At times, I felt as if Derek’s new songs were putting to words the very things I’d been wrestling with myself. On more than one occasion, I suspected we’d been reading the same books and spending time with similar kinds of people. Other times, I’d find we were heading in some different directions, exploring different ideas, using different kinds of vocabulary. There was and is both dissonance and harmony, you might say, between Derek and me (Unlike Derek, I have never had a public feud with The Roots’ drummer Questlove).

Early on, Derek was notorious for over-explaining – sermonizing, really – everything. I haven’t exactly timed it with a stopwatch, but if you listen to his live album The House Show, you’ll find he probably talks twice as much as he sings, quoting Calvin and Luther and various other heavyweights. And compared to a lot of the songs he’d later write, those first songs were for the most part quite straightforward. By his second record, I See Things Upside Down, he was writing much more cryptically, and on tour he said next to nothing about the meanings of the songs, preferring to let the art do the talking. To this day he’ll sometimes tweet strange things about the creative process, letting us know out of the blue that he’s “receiving coordinates” for new songs.

derek-webbBut now, in 2013, Derek has, it seems to me, come full circle. He’s back where he started again, as if for the first time. Like that first record, this time around he really wants to be understood.

As part of Derek’s launch team for his new record, I Was Wrong, I’m Sorry & I Love You, I’ve been listening to it a lot over the past few weeks, soaking it in, singing along, and then, somewhere along the way, starting to plumb its depths. And I think it’s some of his finest stuff yet.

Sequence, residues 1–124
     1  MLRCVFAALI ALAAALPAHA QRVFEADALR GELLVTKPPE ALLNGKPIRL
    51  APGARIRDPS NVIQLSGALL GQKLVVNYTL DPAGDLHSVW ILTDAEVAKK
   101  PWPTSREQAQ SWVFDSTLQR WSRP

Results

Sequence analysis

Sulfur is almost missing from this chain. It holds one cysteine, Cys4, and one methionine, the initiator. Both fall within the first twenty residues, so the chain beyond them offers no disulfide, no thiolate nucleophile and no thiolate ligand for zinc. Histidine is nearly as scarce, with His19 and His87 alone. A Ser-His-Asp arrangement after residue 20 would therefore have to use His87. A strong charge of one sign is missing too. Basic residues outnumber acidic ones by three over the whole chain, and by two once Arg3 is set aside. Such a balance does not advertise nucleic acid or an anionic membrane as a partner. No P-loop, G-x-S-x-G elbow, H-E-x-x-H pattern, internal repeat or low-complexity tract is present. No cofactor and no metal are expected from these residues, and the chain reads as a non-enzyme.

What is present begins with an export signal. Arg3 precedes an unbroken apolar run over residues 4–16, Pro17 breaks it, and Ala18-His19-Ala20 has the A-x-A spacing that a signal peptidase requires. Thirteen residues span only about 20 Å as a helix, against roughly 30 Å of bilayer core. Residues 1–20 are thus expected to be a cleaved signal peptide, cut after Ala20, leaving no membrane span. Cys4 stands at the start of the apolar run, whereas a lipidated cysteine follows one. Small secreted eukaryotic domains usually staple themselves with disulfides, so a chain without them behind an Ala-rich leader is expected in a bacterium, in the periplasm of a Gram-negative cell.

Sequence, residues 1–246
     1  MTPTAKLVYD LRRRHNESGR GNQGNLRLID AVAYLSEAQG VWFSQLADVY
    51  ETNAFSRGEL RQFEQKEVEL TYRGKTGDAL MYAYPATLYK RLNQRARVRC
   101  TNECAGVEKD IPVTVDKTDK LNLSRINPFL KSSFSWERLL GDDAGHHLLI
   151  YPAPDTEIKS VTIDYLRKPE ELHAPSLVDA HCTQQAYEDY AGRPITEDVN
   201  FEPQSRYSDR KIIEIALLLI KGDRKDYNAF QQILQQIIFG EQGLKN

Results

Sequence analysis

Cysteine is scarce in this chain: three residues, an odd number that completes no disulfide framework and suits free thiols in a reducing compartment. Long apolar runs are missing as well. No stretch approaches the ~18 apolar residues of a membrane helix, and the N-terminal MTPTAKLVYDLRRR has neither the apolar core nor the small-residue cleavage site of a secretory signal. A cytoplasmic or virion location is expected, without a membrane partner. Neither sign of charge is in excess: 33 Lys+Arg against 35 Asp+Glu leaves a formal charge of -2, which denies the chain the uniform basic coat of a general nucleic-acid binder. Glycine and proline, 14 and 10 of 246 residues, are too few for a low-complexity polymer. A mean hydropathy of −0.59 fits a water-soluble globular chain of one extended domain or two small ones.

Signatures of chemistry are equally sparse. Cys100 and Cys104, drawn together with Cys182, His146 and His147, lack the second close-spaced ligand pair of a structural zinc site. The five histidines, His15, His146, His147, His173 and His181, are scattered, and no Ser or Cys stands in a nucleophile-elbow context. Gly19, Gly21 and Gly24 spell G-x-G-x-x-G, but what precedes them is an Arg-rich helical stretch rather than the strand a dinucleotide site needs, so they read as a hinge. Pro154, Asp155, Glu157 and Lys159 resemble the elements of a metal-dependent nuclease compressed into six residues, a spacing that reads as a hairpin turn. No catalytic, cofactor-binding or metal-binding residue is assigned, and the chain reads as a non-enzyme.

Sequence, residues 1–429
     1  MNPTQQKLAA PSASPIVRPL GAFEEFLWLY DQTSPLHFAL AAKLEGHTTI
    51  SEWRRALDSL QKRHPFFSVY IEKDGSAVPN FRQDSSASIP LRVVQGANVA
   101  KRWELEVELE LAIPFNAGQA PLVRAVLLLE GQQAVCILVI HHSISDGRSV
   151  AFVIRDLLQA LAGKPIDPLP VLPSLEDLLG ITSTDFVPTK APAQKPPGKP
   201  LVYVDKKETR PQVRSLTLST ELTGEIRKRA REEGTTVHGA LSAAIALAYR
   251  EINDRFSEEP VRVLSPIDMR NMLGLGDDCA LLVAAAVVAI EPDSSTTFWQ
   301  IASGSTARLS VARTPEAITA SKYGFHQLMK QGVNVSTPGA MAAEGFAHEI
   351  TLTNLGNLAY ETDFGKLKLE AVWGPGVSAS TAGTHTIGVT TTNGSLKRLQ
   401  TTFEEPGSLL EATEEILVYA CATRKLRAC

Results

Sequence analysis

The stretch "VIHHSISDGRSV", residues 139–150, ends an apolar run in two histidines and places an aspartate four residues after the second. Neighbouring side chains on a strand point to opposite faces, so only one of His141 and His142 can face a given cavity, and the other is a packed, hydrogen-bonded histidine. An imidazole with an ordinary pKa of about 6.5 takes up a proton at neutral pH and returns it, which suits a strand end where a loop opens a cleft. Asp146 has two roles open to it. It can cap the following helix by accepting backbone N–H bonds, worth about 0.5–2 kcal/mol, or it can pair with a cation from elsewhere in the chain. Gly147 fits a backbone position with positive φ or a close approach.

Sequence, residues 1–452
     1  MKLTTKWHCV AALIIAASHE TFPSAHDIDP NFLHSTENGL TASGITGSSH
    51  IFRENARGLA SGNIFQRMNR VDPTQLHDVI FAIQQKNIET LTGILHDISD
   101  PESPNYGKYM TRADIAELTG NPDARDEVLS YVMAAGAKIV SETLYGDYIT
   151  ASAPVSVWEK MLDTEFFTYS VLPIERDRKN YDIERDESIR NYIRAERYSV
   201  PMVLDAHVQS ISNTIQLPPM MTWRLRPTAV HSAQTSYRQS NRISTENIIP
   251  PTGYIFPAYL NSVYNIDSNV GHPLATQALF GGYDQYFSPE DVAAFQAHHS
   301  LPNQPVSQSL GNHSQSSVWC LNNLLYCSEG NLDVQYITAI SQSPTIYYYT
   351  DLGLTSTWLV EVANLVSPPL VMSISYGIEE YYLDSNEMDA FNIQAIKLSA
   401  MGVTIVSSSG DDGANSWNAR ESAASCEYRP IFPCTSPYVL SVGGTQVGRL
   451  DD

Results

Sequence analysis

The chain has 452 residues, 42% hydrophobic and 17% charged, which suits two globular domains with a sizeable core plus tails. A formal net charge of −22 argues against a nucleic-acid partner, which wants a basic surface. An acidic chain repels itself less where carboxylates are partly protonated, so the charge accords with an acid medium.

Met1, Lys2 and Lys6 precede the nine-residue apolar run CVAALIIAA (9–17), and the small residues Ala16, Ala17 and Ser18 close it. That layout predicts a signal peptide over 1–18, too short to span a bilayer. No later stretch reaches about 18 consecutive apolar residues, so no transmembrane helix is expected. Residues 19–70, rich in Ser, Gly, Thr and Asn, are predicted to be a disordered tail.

I could dissect the album for you, word by word, line by line, song by song, but that’s not the best way to approach art – or confession, for that matter, not to mention relationship. And this record is each of those things. You get the impression the record and its title might have something to do with one’s relationship with God and with others alike. Indeed, it captures the very posture required to keep relationships in all directions in tact.

Where will Derek go from here? I don’t know. Frankly, I doubt even he knows which coordinates will come his way next. But with I Was Wrong, I’m Sorry & I Love You, Derek Webb has given us a gift – a confession, an apology, and a vow.

The new album, I Was Wrong, I’m Sorry & I Love You, officially drops next Tuesday, September 3, but you can preorder it now at

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The future of evangelical cultural engagement